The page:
Number of jobless falls again in state
(Daily Oklahoman, The (KRT) Via Thomson Dialog NewsEdge) Apr. 22--Oklahoma's unemployment rate dropped for the second consecutive month, the latest figures from the Oklahoma Employment Security Commission show.
The state's nonseasonally adjusted unemployment rate dipped to 3.2 percent in March from 3.5 percent in February, the OESC said. The rate was noticeably down from 4.3 percent a year ago.
11,200 more jobs
Oklahoma also rated favorably last month compared to the entire country. The U.S. jobless rate in March rose to 5.1 percent from 4.8 percent in February.
The state added 11,200 jobs last month, with more than half from the Oklahoma City and Tulsa metro areas, the OESC reported. Statewide employment grew in all industries except manufacturing, which reported the loss of 100 jobs.
Total nonfarm employment in the Oklahoma City metro area expanded by 3,600 jobs in March, with 90 percent of that growth coming from the services providing industries, the OESC said.
There were 2,700 more jobs than last year at the same time.
An increase of 900 jobs in trade, transportation and utilities sector for the month was the top growth sector, said OESC economist Lynn Gray. And the bump up in jobs, though seasonally expected, "Is slightly above past years," he said. "Only two years since 1990 have had higher growth" in that sector in the same time period, Gray said.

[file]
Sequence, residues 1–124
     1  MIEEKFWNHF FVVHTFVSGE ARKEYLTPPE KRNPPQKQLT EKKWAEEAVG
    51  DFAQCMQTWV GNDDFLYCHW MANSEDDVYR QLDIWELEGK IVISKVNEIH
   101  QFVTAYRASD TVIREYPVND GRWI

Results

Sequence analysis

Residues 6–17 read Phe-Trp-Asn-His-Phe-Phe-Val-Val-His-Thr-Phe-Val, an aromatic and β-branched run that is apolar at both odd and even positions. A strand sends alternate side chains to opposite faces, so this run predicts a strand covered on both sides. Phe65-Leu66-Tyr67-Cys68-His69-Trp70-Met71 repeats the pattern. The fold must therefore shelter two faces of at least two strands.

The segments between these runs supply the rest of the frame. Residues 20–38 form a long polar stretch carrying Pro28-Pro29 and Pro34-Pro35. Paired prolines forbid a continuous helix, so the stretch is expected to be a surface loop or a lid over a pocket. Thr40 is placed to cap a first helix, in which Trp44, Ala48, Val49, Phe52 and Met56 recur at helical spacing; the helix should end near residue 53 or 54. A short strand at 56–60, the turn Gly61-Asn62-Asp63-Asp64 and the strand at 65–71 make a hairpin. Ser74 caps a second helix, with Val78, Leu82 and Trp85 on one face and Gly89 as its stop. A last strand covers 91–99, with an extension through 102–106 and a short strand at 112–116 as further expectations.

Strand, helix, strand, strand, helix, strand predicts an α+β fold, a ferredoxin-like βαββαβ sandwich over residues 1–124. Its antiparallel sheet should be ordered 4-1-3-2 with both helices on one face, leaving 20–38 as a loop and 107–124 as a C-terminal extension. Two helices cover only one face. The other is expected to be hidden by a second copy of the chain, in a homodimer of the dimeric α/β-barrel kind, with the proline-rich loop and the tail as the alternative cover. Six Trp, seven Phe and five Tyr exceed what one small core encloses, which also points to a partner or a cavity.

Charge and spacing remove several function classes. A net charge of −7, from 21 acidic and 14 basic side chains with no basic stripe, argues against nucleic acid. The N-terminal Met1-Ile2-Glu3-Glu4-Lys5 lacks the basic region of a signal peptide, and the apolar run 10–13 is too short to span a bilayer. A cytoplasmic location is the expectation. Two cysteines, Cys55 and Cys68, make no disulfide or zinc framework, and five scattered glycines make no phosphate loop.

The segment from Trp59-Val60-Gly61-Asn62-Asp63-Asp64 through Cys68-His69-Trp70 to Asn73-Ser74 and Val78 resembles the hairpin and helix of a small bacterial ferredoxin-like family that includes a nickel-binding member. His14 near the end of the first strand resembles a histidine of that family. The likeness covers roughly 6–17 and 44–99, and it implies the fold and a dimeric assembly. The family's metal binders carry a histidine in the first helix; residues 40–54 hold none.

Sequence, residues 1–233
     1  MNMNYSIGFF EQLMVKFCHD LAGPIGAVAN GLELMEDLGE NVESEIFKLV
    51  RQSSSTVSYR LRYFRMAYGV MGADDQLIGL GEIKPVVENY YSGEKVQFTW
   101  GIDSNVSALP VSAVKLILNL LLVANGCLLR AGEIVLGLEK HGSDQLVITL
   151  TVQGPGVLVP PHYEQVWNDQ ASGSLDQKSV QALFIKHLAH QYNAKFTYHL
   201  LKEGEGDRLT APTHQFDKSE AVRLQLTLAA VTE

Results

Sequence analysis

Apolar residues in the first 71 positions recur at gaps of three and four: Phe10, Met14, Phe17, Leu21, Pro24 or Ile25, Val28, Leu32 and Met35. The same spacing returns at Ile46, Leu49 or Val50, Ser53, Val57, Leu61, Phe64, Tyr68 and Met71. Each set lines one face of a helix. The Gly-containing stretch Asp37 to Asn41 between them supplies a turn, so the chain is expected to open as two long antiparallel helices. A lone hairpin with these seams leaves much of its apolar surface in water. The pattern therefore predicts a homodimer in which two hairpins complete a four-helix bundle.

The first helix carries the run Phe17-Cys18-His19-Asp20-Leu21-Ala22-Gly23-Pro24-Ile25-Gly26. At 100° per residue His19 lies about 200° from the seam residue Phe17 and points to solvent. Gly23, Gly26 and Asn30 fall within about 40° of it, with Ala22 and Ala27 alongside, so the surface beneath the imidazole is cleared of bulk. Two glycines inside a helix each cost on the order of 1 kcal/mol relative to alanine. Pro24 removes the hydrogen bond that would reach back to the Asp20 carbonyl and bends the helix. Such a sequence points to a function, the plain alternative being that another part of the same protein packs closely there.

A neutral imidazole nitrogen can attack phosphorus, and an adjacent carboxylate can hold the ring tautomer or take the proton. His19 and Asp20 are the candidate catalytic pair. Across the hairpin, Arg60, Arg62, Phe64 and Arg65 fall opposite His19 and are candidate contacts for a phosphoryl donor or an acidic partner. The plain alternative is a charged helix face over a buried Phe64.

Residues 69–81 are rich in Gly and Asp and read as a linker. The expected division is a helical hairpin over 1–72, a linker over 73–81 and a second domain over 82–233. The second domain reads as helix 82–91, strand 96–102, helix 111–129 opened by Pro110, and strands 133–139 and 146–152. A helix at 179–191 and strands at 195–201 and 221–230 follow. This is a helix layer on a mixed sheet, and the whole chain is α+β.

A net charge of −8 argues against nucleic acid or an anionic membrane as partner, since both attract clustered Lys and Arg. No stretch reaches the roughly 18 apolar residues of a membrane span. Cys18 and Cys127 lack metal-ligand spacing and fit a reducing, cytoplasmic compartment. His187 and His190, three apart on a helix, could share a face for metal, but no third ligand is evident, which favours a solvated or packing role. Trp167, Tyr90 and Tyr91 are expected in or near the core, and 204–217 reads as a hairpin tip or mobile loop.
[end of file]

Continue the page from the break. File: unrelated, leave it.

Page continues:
Tulsa jobs increase, too
The leisure and hospitality segment, which includes restaurants and drinking establishments, also did well in March with the addition of 800 jobs. Educational and health services added 700 jobs in March and 2,700 positions year over year, the OESC report said.
The Tulsa metropolitan area added 2,800 jobs during March. The most impressive gains came from 900 new jobs in the trade, transportation & utilities sector, primarily from gains in retail trade.
Natural resources and mining added 500 jobs and construction gained 400 positions.
Gray said scrutiny of the March data on Oklahoma offered some surprises, especially compared to other parts of the country.
No decline here
A comparison with 11 other states showed that many -- including California, Florida, Michigan and Ohio -- are shedding jobs and posting declining payrolls. "Oklahoma is still growing with a 1 percent year-over-year growth," he said. "That still puts us ahead of most states."
So far, "We're not seeing the decline in labor markets here," Gray said, and though a full-blown recession will affect the state "My guess it won't be as bad here."
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